There are also cases when the body rejects the dental implants. In extremely rare cases, the implants fail to unite with the bone.

Care and Maintenance

Part of ensuring the success of your full dental implants is proper care and maintenance. There are cases wherein severe gum infection occurs because of poor maintenance. Failing to address infection may result in the complete loss of the jaw.

Here are some tips to ensure the safety, beauty, and performance of your implants:

1. Start with Oral Hygiene

Invest in an interdental brush that works best for dental implants. This kind of toothbrush has bristles that easily slide in between teeth. They can reach the deepest nooks around the gums, teeth, and metal posts.

2. Cut the Bad Habits

Are you a heavy biter? Cut the habit of chewing and biting hard items. This includes candy and ice. Chewing too hard may lead to your crowns breaking.

If you are a smoker, now is the time to put an end to the habit. Smoking affects the fusion of the jawbone and the implants. There are studies showing implants of heavy smokers failing at a higher rate compared to those of non-smokers.

In case you tend to grind your teeth, consult with your dentist on ways to address the matter.

3. Don’t Neglect Regular Checkups

After the procedure and its corresponding checkups, you should never neglect your regular dental visits. This will help ensure that your implants are in excellent condition.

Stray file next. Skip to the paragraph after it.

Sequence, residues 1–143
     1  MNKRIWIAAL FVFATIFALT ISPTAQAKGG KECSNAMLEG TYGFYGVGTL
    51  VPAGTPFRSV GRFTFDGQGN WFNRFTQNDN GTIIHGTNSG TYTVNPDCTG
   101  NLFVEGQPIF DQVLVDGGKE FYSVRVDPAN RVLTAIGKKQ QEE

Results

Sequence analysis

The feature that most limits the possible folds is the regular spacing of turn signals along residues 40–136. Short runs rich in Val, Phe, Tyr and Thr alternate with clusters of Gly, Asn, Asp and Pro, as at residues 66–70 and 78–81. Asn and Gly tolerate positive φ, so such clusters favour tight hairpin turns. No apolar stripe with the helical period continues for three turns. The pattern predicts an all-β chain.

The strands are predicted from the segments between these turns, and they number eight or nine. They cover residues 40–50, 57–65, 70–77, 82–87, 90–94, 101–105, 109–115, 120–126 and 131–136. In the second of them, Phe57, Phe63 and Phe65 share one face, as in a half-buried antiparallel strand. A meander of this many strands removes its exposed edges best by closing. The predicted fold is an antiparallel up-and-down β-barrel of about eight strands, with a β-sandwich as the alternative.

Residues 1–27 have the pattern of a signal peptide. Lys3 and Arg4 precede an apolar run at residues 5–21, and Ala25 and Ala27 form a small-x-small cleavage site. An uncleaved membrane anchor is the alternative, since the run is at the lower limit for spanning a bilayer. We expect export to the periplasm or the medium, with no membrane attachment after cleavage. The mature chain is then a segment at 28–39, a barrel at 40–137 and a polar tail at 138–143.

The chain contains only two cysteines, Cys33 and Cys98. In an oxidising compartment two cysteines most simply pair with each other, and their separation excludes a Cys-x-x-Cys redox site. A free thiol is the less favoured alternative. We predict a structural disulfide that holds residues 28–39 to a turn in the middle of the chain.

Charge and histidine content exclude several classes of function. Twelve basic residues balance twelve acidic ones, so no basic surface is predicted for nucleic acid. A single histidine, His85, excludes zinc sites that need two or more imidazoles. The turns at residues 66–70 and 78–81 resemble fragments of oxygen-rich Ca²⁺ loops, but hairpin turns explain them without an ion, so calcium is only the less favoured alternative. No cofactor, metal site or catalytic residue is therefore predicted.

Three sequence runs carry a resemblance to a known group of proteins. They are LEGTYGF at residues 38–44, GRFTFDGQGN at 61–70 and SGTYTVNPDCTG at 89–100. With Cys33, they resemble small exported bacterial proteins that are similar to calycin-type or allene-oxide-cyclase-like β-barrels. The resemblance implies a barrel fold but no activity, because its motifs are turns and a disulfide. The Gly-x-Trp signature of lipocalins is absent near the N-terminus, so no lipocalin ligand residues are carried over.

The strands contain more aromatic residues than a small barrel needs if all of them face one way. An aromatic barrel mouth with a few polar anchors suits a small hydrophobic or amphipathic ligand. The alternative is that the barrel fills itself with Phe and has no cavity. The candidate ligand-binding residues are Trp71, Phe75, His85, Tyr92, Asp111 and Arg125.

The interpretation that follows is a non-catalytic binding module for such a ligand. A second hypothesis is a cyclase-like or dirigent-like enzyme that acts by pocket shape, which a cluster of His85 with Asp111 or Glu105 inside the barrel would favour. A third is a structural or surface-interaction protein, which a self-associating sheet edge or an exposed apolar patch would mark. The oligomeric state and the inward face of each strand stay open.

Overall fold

Moreover, your dentist can help clean areas around your teeth you may tend to miss when brushing.

Pay your dentist at least once every six months.

Causes of Failing Implants

You also need to understand the risk factors of failing dental implants. The first signs of failure occur during the first three to four months after the procedure. Here are some reasons that cause implants to fail:

1. Autoimmune Diseases

If you have an autoimmune disease, there is a higher risk of your implants failing. Some of these diseases include Type 1 diabetes, lupus, multiple sclerosis, and rheumatoid arthritis.

2. Poor Blood Circulation

Poor blood circulation also affects dental implants. The surgical area needs an efficient blood supply for it to heal. If there is not enough blood and nutrients reaching the area, the healing will slow down.

In worst cases, the recovery comes to a halt.

3. Mechanical Issues

There is also the risk of mechanical damages on the implants. If you suffer an injury to the mouth, it may damage the implants.

Let Us Handle Your Dental Implants

Enjoying dependable full dental implants lie in several factors. One of the most important factors is finding the right dentist for the procedure.

We invite you to get in touch with us today. Simply contact us today to request an appointment. We will take a look at the condition of your teeth and explain your options in detail.

We can also help in your other dental concerns like oral hygiene, teeth whitening, and tooth extraction, among others.